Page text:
Do what thou wilt shall be the whole of the Law.
The Lesser Ritual of the Pentagram has been analysed and “improved,” by various writers who often don’t grasp what it’s about. Yet its pattern is quite simple to grasp. But somehow, basic misconceptions creep in all the time, and they can dilute its effectiveness.
Firstly, the LRP is always – always – invocatory, even if it’s used for banishing purposes. This seems to be one of the more confusing things for some people, and a reason there’ve been many efforts to ‘fix’ what ain’t broke with it. The most common of course is performing banishings counter-clockwise, in the manner of the Star Ruby. This simply confuses things.
The Star Ruby is an interesting ritual, but not one as all-purpose as the LRP. It is a powerful banishing rite, but while Crowley offered it as “A new and more elaborate ritual of the pentagram,” I’ve always had reservations about it in that way. I think it’s potent, but it lacks the catholicity of the LRP. Given Crowley’s subsequent lack of interest in his own creation, he presumably felt similarly about it.
A back-of-envelope calculation this afternoon told me I’d performed the LRP around 14,000 times – in temple settings, hotel rooms, friends’ basements and once, in a panic-stricken moment, on the platform of a German train station – and it still hasn’t lost is efficacy for me.
The ritual opens with the Qabalistic Cross, to fill the aura of the practitioner with light and power. The Thelemic version differs from the Golden Dawn’s original by intoning Aiwass at the heart-centre and moving Malkuth down to the genital region, the point where two people engage in the embrace of love on the material plane. The intoning of the culminating Amen is when the seed already ‘planted’ by calling on Aiwass at the heart-centre is seen or felt to expand and bloom from within, sometime explosively and other times more gradually.
Now, whether the ritual is being used for banishing (McGregor Mathers spoke of it eliminating obsessions more than actually expelling anything) or invoking, the process of calling on the ritual’s energies is itself invocatory, as noted above. I don’t think having the magician move widdershins destroys its powers necessarily, but it does muddle the situation needlessly. The reservoir of power at the centre needs to be conjured to its fullest by the magician moving sun-wise (clockwise). The manner in which the actual pentagrams are traced – clockwise or anti-clockwise in the four directions – determines the ritual’s functional effect, which can be to concentrate power, thus enhancing the energy available; or to expel dispersing or distracting energies, thus clearing the ritual space. But this should be the only difference between an invoking and a banishing ritual.
The sequence of Divine Names used to charge the pentagrams confuses many people, mostly because it’s been treated as a secret. It’s simply the sequence of Names for Tiphereth, Malkuth and Kether, with the final Attah Gibor le-Olahm Adonai (AGLA) marking an explosion of Light into the totality of Nuit, the Olahm. Meditating on this sequence – a beginning at the heart, an extension ‘down’ into the physical and an exaltation to the highest followed by infinite expansion – isn’t a complex or difficult idea.
Now, despite their potency, I doubt many magicians can truly hold in mind the idea underlying the Names in Atziluth. Like the Knights in the Thoth Tarot, Atziluthic energies burn bright and burn out fast. However, a disciplined and loving human consciousness can hold in mind the nature of the Archangels, the beings of Briah, and the core mystery of this ritual is triggered when their Names are intoned.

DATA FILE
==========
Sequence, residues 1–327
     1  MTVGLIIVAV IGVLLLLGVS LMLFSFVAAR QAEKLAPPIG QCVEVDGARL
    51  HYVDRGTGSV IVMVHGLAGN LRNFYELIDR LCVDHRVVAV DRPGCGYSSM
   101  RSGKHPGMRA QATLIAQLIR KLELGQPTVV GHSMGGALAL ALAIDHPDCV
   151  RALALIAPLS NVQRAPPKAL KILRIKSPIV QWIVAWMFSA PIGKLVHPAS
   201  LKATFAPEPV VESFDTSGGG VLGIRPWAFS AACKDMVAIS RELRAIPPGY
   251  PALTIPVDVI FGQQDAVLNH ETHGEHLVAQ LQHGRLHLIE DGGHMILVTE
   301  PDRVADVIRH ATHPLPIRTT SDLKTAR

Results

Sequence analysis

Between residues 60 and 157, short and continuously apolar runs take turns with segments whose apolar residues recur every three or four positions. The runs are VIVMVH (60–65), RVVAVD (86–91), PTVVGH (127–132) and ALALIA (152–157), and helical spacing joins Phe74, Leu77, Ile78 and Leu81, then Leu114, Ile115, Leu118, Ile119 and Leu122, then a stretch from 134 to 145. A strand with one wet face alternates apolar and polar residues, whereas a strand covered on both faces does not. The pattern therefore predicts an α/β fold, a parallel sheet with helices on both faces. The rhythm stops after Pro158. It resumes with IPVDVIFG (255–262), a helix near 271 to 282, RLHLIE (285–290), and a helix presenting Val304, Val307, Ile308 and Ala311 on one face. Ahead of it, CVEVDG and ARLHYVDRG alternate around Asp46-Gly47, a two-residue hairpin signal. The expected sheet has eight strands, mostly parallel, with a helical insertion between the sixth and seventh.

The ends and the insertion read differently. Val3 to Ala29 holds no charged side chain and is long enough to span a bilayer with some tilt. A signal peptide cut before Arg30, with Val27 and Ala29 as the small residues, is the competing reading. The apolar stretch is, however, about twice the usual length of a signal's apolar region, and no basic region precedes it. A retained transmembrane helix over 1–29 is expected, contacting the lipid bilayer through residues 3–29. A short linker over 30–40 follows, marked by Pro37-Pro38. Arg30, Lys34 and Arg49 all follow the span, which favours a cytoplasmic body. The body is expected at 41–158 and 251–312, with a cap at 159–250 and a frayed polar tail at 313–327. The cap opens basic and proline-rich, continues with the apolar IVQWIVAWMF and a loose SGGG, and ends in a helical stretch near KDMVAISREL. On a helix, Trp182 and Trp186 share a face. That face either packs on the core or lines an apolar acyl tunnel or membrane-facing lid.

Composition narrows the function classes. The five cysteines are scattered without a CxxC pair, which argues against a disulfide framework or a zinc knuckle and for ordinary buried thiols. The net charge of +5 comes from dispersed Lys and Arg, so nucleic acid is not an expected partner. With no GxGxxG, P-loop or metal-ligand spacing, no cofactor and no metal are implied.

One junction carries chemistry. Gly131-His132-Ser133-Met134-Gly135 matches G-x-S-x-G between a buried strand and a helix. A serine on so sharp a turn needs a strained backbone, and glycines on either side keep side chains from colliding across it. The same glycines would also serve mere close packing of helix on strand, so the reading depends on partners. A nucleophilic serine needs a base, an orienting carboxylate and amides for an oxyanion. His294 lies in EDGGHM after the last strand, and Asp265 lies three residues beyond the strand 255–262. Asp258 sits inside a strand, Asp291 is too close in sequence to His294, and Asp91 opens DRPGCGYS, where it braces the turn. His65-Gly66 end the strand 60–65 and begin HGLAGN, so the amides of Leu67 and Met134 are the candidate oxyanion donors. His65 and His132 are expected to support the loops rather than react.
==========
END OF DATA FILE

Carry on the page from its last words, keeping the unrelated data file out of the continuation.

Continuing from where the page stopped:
Some people find it helpful to visualise their wings touching in the corners of the temple; when I was told this idea, I found it helpful but the ‘click’ had happened for me without knowing this. I was able to retain some measure of conscious contact with the Archangels, and to feel the release or sense of acceptance and relaxation that comes at this point. It’s been said that it involves an endorphin release, and that sounds about right to me.
The second iteration of the Qabalistic Cross fills the aura with the reinforced Light-energy from tracing the pentagrams and calling the Archangels. The magician is now well prepared to perform whatever other work awaits.
The potency of the LRP arises from its layered invocation of empowering psychic energies. The stepping down of the energies from the Divine to the Archangelic levels, making something of immense power accessible to the average practitioner, is the essential moment of the ritual, and the key to understanding its inner operation, just as correct technique is its visible requirement. It works by setting up the magician AS a magician, rather than solely by chasing away ghoulies and ghosties. I do have the strong impression it stuns or repels unwelcome or eldritch presences, but it’s always made most sense to me as a means of pulling my own attention back from such things rather than the cruder notion of it being some kind of ritual demon repellent. If I am aligned with my HGA and its power, then I am disconnected and disidentified from anything that can interfere with Its functioning.
I also think that seeing it as a kind of quickie exorcism also detracts from the fun of the ritual. It needs to be performed with care (no lopsided pentagrams, please) but done properly it gives a lift. After those 14,000 or so performances, I still don’t know exactly what happens sometimes, but I always end up more poised and confident than when I started.
Love is the law, love under will,